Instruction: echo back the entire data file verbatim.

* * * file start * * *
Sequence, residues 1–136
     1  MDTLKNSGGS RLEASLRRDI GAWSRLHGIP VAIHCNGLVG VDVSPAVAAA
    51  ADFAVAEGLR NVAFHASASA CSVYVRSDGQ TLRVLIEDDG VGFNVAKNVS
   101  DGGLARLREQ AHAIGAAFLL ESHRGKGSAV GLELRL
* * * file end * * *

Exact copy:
Sequence, residues 1–136
     1  MDTLKNSGGS RLEASLRRDI GAWSRLHGIP VAIHCNGLVG VDVSPAVAAA
    51  ADFAVAEGLR NVAFHASASA CSVYVRSDGQ TLRVLIEDDG VGFNVAKNVS
   101  DGGLARLREQ AHAIGAAFLL ESHRGKGSAV GLELRL